Rising Costs in California: Implications for Middle Leaders in Designing Campuses for Students Who Are Low-Income

A Blog Series from the CSU Network 

By Dr. Thad R. Nodine

Nearly half of all California State University (CSU) students are from low-income families. With the rising costs of living, these students face a dilemma each semester: whether to continue to pay the costs of college or stop out and pursue a full-time job. This blog provides an introduction to a series that identifies actions that faculty and staff can take to encourage their programs and campuses to address the needs of low-income students and support them in finishing their degree. Look for the next blog in the March newsletter followed by additional blogs in subsequent months. 

Rising Prices, Robust Job Market, and Declining Enrollment 

The cost of living in California is rising, which puts increasing pressures on all CSU students seeking to make ends meet. Housing is increasingly unaffordable, even in neighborhoods that have been relatively inexpensive. Prices for books and groceries are also rising, along with gas, insurance, and electricity. As students and families look to the future, they see that CSU tuition and fees are projected to increase by 34 percent in the next five years.

As prices for students are increasing, the job market remains robust and pay is rising faster than inflation. Many students at the CSU already have experience with employment and are incurring debt to stay enrolled. The potential of receiving a bigger paycheck through full-time work can be enticing for students in the short-term, even at the cost of stopping out from college. Over the longer term, however, this may delay or prevent the students from completing their degree and qualifying for higher paying jobs and careers.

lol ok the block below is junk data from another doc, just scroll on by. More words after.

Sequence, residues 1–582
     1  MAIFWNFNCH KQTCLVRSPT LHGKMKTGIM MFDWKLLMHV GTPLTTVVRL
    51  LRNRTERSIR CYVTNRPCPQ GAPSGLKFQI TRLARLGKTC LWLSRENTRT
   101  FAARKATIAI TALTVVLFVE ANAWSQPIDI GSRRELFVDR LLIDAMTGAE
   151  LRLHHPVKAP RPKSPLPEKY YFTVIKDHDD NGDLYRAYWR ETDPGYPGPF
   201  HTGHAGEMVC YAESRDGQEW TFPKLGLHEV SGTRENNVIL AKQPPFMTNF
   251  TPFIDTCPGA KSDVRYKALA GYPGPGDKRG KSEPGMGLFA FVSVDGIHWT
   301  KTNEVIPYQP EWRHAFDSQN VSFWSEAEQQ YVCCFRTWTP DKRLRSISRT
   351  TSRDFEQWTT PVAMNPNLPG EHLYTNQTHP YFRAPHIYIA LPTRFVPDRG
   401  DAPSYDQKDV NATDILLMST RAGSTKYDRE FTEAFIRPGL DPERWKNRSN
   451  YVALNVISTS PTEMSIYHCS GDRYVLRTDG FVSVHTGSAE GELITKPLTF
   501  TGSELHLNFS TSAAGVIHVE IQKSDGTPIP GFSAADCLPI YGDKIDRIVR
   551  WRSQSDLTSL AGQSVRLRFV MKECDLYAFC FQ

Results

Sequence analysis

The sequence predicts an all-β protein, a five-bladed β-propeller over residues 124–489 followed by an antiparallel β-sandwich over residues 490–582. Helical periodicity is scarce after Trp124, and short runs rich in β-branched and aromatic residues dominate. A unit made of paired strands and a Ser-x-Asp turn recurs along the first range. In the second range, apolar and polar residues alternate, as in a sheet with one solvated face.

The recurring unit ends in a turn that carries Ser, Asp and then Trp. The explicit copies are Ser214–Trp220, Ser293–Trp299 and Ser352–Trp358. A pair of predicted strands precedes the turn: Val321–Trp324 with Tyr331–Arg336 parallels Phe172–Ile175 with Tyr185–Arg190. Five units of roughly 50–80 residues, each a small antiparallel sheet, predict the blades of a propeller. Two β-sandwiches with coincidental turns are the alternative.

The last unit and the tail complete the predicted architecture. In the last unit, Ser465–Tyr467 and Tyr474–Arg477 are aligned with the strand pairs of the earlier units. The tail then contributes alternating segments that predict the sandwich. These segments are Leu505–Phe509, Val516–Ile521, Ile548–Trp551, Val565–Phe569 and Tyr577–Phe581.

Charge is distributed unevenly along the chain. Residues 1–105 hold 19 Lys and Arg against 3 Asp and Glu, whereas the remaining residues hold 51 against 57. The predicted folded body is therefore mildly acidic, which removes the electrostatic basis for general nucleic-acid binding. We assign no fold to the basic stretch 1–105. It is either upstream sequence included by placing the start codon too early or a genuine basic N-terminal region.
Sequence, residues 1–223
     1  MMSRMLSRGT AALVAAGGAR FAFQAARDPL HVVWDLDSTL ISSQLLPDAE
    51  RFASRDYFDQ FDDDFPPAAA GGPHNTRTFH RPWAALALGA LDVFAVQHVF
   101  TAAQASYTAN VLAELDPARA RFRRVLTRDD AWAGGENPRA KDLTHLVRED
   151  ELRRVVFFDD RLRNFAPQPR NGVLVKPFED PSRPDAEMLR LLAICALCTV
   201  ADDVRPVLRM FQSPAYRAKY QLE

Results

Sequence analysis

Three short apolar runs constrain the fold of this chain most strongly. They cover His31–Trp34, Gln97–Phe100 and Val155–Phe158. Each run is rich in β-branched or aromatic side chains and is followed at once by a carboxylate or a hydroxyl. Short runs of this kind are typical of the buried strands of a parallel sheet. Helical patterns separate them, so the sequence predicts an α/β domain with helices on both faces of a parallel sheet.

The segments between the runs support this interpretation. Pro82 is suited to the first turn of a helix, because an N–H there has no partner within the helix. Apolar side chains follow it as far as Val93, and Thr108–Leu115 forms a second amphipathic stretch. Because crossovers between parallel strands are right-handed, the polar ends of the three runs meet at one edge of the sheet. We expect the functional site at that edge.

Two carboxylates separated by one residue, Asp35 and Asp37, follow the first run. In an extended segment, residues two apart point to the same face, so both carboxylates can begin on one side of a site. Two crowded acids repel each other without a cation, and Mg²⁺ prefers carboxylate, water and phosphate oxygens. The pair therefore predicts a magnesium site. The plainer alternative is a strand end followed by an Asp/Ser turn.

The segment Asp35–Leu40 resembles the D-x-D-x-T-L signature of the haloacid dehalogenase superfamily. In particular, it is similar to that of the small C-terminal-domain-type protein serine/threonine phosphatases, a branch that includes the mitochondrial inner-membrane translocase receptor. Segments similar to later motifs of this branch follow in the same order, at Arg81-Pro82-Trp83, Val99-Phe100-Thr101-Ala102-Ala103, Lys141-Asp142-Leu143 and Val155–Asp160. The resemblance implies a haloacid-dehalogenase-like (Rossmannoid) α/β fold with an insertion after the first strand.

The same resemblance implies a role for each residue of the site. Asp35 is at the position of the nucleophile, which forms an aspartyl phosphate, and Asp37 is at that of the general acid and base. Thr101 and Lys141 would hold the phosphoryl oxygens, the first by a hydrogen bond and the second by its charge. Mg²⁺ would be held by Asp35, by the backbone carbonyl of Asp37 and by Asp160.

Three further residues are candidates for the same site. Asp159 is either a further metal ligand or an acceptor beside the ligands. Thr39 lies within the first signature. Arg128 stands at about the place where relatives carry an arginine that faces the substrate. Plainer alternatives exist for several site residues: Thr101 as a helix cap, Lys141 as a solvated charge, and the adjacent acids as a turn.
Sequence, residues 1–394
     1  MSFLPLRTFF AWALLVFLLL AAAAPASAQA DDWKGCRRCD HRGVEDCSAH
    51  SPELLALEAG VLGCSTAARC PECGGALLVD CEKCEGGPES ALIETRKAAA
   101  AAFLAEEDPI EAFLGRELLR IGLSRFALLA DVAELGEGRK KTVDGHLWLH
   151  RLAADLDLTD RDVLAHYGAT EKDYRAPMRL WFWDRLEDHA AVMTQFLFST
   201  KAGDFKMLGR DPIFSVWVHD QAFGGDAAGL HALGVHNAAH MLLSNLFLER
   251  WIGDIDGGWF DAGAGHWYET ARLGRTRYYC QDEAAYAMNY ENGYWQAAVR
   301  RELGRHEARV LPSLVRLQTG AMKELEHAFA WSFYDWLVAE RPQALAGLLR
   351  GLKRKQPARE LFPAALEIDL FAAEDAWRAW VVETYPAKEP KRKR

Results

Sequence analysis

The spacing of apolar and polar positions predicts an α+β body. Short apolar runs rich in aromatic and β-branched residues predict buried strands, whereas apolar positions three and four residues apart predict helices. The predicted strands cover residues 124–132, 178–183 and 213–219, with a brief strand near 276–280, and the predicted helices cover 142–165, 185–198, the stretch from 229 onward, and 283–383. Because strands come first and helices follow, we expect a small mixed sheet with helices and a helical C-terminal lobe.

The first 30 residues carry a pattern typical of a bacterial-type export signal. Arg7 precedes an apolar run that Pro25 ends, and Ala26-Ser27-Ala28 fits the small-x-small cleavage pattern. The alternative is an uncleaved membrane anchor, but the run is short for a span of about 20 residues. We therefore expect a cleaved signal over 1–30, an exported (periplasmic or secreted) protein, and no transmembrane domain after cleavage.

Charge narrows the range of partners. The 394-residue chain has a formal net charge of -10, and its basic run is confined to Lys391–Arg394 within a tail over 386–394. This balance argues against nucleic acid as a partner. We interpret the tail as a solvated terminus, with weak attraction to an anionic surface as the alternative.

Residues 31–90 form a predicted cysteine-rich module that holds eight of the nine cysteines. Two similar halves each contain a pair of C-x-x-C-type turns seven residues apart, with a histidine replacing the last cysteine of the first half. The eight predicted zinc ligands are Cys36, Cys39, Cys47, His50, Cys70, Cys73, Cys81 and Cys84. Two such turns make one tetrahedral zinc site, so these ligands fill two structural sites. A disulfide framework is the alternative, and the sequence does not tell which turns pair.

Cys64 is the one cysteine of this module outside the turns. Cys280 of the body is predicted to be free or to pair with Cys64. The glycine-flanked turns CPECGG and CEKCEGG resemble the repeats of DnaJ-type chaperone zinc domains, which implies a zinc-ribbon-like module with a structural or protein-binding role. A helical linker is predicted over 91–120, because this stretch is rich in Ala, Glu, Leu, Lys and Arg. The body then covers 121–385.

Meanwhile, student enrollments have been dropping in the CSU. Campuses are working in alignment with Graduation Initiative 2025 to increase graduation rates for all CSU students while eliminating opportunity and achievement gaps. These actions include reenrollment efforts to engage with and support underserved former students in returning to campuses that are welcoming and that support their success. Campuses can help to achieve these goals by addressing the needs of low-income students already enrolled or returning to campus. 

Source: CSU Student Data Dashboard.

Students’ decisions to stop out can be based on a wide range of issues, including personal options related to family needs, aspirations, rising student costs, and favorable job opportunities. These decisions can also involve students’ experiences on campus, including teaching practices, class availability and scheduling, access to student supports, financial support, campus environment, and student engagement. 

This blog series identifies actions that faculty and staff can take to encourage their programs and campuses to address the needs of students who are low income and support them in finishing their degree. The next blog in this series will be published in March, and will focus upon common myths versus facts regarding the returns on investing in a CSU degree.